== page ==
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our power to fix it upon individuals; and fully agreeing with our contemporary as to the necessity that exists for increased interference with the proceedings of the railway companies, we only differ with him as to the mode in which that interference should be exercised. We have already stated that we think certain precautions should be rendered obligatory by force of law. For the rest, we should advocate no other than a betterinformed public interference; and we think that if any legislation be in future undertaken on the subject, it should be directed to the furtherance of this object. It is of course a great object with railway companies not to have a bad name with the Press; and any exposure, through this medium, of mismanagement or want of precaution does them much harm. When a railway accident occurs, the reporters for the press are obliged to trust principally to the officers of the railway companies for their information as to the causes of it; and there is not much time afforded to them for deliberate inquiry, even if they had the means of making it. Under these circumstances the reports upon such accidents are hasty and superficial, and naturally have a tendency to be favourable to the companies and their officers.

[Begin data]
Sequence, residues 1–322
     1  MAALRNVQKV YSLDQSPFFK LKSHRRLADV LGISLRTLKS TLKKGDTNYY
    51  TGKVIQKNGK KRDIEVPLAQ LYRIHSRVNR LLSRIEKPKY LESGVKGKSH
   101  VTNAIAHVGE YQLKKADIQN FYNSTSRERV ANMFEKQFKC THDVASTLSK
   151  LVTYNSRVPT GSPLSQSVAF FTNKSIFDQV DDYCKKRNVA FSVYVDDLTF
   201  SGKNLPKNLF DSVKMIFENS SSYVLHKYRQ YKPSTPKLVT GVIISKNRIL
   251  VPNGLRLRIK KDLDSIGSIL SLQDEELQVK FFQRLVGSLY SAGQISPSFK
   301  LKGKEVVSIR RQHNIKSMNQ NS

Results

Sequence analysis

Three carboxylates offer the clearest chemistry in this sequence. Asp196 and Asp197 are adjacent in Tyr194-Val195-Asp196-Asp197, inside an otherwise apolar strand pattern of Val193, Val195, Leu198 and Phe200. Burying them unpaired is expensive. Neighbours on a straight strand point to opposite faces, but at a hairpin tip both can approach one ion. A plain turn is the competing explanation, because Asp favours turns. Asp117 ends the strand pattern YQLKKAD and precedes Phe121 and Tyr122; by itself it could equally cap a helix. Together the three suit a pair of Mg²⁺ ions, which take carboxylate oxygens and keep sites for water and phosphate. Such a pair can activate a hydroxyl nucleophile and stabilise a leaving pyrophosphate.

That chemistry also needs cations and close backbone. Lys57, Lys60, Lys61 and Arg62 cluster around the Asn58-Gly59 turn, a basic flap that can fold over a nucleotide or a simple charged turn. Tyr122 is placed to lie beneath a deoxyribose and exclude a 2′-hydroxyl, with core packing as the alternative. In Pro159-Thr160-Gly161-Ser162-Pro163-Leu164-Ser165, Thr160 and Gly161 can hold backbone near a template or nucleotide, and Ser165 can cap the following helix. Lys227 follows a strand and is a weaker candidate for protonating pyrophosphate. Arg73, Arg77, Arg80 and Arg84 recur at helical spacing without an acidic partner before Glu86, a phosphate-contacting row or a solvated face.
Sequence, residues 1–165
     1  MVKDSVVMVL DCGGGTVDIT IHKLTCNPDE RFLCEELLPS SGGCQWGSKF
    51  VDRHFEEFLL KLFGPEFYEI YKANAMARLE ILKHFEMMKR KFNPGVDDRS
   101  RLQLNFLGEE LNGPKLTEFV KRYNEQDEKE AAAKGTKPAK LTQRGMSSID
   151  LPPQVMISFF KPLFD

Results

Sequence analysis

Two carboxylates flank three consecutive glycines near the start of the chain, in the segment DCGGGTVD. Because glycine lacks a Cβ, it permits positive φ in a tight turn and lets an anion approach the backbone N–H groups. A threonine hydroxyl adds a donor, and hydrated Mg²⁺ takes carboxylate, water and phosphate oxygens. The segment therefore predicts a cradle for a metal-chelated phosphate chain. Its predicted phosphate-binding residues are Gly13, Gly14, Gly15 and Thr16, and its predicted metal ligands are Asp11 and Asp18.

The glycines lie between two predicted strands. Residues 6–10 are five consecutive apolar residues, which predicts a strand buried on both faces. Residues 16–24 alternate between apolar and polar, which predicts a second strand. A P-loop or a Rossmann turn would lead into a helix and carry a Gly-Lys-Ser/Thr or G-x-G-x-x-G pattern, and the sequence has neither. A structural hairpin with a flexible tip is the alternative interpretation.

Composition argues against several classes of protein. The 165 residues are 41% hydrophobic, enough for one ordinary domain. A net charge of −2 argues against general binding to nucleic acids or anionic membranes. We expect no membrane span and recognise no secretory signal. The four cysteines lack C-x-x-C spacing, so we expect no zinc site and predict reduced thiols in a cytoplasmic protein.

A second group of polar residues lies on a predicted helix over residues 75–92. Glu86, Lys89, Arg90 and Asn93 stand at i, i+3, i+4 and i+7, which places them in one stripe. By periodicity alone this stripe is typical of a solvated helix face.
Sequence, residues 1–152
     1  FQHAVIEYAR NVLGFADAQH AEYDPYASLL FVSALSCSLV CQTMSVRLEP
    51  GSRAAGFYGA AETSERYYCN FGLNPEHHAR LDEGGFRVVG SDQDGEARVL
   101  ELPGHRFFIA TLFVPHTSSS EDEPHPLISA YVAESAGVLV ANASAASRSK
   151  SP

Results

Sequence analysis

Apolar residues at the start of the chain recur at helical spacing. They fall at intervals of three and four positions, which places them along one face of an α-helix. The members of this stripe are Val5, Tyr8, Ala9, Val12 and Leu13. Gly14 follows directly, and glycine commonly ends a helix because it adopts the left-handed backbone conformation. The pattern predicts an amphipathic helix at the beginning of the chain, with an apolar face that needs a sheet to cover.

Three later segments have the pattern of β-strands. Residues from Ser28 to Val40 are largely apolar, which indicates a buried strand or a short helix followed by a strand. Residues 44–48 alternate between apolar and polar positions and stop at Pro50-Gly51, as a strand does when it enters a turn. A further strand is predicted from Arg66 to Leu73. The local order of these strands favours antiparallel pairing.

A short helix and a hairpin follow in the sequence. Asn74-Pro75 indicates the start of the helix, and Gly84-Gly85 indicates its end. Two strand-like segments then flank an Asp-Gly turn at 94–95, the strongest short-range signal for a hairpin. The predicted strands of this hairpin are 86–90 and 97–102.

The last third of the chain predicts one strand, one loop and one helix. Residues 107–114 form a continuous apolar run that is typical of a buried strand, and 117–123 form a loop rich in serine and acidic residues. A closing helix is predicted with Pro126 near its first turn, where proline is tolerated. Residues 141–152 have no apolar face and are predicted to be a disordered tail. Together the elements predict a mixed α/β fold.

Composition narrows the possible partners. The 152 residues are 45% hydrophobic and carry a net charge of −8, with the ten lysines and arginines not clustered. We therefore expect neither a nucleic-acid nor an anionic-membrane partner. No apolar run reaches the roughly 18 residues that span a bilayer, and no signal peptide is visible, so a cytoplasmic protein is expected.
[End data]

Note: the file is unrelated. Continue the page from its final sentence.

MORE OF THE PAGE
If an accident be fatal, the representatives of the press have an opportunity of hearing the evidence adduced before the coroner and his jury, and of recording the verdict to which it leads; but the special business of this tribunal is, not to investigate the causes of the accident, but to discover the cause of death only; and though in some cases a patient coroner and an intelligent jury may do much good, by eliciting information and inducing public discussion upon defects which are brought to light, yet in many more the inquiry is hurried over in a slovenly manner, and the truth does not appear. In others, again, the investigation degenerates into a mere instrument in the hands of the company for misleading people as to the real causes of the accident.